Category Archives: Political Institutions

Could Boehner be the first Speaker to Win Seats and Lose Job?

The Fix recently wrote about how “A 2015 rebellion against John Boehner would be unprecedented.” In the piece Philip Bump argues that “no speaker has overseen a pick-up of House seats and subsequently lost his job.” Setting aside problems in closely connecting … Continue reading

Posted in Elections, Political Institutions | Leave a comment

Assessing Congressional Productivity: Getting it Right

The Washington Post’s Wonkblog had a write up on congressional productivity not long ago. Its central thesis is Congress is more productive in election years than in non-election years. This is a good counter-intuitive point. Many pundits discuss congressional productivity only in … Continue reading

Posted in Legislative Politics, Political Institutions | Leave a comment

A Caveat on Congressional Productivity

On Thursday, Chris Cillizza examined an Obama statement in Texas: “This has become the least productive Congress in modern history, recent memory. And that’s by objective measures, just basic activity.” Cillizza agrees and extrapolates this a little too far, saying this Congress … Continue reading

Posted in American Political Development, Legislative Politics, Policy Agendas, Political Institutions | 1 Comment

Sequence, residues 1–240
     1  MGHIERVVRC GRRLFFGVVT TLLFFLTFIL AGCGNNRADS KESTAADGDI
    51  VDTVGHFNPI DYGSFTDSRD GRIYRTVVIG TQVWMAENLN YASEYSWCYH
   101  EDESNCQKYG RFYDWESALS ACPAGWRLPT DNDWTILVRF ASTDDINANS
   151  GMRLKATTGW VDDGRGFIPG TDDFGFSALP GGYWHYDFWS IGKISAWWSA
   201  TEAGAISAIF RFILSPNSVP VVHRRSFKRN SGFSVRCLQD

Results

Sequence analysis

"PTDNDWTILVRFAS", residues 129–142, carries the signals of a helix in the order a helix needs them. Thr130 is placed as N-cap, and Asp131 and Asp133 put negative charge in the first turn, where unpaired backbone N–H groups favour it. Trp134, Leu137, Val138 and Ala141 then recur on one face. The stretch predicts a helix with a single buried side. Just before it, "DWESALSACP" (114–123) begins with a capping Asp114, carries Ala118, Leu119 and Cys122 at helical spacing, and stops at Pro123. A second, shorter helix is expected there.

Rules Changes through Precedent: History and Consequences

Don Wolfensberger wrote a nice piece on the parallels between Majority Leader Reid’s nuclear option  and Speaker Reed’s ruling in 1890 that eliminated dilatory motions in the House. Both are good examples of rules changes through precedent. The two were so … Continue reading

Posted in American Political Development, Filibuster, Legislative Procedure, Political Institutions, Senate | Leave a comment

Our Very Unproductive Congress: Why Today’s Gridlock is Different and more Devastating

One of President Truman’s most repeated lines, the “Do Nothing Congress,” is increasingly being used less as a metaphor and more as a statement of fact. The 112th Congress was the least productive since the Civil War (figure by Political Scientist … Continue reading

Posted in Bicameralism, Legislative Politics, Polarization, Political Institutions | Leave a comment